And so as I scrabbled underneath another car and the parrot eluded me again, the Mrs tried another RSPCA number. Eventually she was told “it will probably find its way home but if you do catch it we will come and collect but we are massively under-resourced”
The first comment is a lie.
2773 days ago
I look out of my window and next to my newly built herb garden there is a frog or is it a toad? How on earth did it get there? The garden has five foot high walls and we are a good 100 yards above and half a mile away from the nearest wetlands. And what to do?
I have locked the cats away so they cannot get into the garden. I know that Tara would enjoy “playing” with the poor creature. I am worried that my garden is now drying out at a rate of knots as the sun is shining. And I’d rather that the poor little thing did not perish. So call the RSPCA in Bristol?
That I do and am sent on a maze of key #1 or key #2 options none of which seem to complete and leave me none the wiser. I really do not have all day for this and the useless not fit for purpose RSPCA is probably too busy prosecuting a fox hunter or campaigning against global warming to actually care about a poor animal.
Reluctantly I think I must try to scoop the poor fellow up and put him on the grassy lane at the back of the garage and let him take his chances. If he perishes, I blame the RSPCA. But that he has managed to make it this far shows he is a bit of a fighter.
3144 days ago
Me first. How is this for restraint? I shall be giving up:
1. Reading the Guardian
2. Writing nice articles about Call Me Dave, New Labour and Chris Huhne
3. Giving money to the RSPCA
4. Thinking about stopping smoking or drinking less
5. Believing in global warming
6. Agreeing with the spin put out by the BBC News team
7. Cheering when Millwall or Spurs win at football
8. Campaigning for Britain to join the Euro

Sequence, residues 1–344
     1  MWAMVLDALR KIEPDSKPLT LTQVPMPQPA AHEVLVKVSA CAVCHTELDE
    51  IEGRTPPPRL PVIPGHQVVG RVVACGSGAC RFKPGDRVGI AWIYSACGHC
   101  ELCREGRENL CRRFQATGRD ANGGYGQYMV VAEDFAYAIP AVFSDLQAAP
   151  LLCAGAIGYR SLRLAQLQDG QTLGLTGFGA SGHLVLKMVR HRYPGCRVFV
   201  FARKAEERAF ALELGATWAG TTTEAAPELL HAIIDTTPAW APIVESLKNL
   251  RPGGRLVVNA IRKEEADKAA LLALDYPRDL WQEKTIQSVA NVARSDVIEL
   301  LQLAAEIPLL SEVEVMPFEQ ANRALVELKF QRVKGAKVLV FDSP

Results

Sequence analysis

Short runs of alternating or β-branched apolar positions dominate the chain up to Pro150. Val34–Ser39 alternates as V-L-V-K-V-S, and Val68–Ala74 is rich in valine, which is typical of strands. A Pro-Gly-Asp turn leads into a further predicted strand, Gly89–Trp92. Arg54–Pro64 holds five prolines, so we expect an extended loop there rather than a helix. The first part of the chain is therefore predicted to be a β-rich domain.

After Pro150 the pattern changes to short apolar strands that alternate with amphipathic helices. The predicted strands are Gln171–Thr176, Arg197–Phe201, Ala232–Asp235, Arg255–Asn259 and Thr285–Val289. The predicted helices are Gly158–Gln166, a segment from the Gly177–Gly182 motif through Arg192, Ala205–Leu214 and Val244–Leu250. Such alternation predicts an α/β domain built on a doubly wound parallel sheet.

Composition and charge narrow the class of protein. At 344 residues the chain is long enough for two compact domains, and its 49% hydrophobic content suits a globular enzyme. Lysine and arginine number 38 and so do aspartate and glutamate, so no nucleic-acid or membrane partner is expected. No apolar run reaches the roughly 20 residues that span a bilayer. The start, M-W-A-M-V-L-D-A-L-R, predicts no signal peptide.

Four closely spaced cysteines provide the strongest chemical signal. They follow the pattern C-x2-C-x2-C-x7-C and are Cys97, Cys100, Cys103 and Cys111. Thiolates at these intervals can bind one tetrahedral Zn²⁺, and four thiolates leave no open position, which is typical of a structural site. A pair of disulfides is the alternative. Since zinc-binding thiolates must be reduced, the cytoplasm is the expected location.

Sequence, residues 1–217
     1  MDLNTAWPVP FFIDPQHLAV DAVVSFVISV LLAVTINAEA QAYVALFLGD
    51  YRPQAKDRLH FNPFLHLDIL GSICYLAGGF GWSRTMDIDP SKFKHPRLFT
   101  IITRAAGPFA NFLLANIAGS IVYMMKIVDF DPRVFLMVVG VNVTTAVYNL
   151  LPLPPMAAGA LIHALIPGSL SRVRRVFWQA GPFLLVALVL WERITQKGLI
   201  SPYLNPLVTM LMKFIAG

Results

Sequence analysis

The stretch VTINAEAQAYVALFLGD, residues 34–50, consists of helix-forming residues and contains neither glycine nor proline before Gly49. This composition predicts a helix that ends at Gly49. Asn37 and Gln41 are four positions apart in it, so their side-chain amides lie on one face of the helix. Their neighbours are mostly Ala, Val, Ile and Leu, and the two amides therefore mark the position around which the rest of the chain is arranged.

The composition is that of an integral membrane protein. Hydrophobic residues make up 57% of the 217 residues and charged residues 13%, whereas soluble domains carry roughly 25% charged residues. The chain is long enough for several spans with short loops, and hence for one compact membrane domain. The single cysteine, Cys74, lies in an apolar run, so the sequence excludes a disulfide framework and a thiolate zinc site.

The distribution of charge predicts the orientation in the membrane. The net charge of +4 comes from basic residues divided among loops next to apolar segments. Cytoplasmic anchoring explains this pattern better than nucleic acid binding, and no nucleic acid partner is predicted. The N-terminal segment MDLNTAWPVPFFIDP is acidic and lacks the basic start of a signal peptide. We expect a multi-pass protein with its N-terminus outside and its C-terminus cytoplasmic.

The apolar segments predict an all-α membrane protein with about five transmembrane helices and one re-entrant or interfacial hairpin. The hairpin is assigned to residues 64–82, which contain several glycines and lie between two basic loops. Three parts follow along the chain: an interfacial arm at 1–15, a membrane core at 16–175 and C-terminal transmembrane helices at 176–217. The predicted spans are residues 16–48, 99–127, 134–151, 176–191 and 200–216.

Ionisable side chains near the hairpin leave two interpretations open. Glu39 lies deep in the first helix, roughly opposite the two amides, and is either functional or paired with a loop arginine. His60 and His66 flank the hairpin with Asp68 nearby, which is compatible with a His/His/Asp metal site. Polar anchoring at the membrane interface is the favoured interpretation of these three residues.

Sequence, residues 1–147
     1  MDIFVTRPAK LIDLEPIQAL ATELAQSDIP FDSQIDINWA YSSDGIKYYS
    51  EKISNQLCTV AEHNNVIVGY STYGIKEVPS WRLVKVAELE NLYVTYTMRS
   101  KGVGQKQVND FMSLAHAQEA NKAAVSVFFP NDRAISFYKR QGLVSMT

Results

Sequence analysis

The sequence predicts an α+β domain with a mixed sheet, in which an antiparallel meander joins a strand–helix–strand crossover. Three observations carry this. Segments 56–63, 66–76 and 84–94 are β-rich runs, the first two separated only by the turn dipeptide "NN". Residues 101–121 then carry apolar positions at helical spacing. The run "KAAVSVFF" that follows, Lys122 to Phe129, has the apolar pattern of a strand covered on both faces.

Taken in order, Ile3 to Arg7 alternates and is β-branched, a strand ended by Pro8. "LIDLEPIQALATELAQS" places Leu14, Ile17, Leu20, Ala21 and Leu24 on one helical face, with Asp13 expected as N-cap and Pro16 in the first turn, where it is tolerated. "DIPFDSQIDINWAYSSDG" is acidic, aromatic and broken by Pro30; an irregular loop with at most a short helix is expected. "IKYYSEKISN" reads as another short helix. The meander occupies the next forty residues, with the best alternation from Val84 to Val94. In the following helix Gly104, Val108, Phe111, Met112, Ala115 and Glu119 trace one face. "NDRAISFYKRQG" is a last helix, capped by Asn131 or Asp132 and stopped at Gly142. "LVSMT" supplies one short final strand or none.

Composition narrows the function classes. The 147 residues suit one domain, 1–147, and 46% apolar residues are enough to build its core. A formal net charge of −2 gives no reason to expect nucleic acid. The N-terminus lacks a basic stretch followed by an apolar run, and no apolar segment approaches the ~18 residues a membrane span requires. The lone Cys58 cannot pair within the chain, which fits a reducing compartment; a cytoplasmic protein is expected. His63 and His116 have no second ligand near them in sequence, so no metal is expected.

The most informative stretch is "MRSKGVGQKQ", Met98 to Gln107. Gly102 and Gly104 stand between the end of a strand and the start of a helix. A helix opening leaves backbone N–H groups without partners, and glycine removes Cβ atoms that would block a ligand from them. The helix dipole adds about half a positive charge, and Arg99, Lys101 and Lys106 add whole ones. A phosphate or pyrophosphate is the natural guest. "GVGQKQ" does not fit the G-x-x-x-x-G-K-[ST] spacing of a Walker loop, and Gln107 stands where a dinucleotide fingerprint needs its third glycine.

9. Tipping shares in Sefton Resources
10. Listening to new music produced by David Bowie
Ten Things Chris Huhne will be giving up for lent
1-7 – living in one of his houses
8. Having sex with bisexuals (well, female bisexuals anyway)
9.Using the Trouser Press he claimed on MP’s expenses
10. Driving any of his cars at any speed
3172 days ago
And so it emerges that cheap Tesco burgers contain horsemeat (up to 29% in some cases), the company grovels and withdraws the product line and everyone is horrified. What is the fuss? It is not as if the hundreds of thousands of customers who have already munched their way through grilled Shergar have actually noticed or complained.
The highly processed junk food that most Britons buy in supermarkets bears so little relation in taste to what it is meant to be thanks to the addition of vast amounts of chemicals, flavourings and preservatives that you could probably serve up dog, cat, horse, or fox as part of the end product and no-one would be any the wiser. By the time folks have added vast amounts of equally artificial sauces you could probably chuck in a bit of cardboard as well and it would make no difference. I am almost surprised at the idea that a cheap burger priced for chavs in a supermarket contains any beef at all. I had assumed it was all off cuts, innards and chemicals and frankly it makes no odds what animal they come from.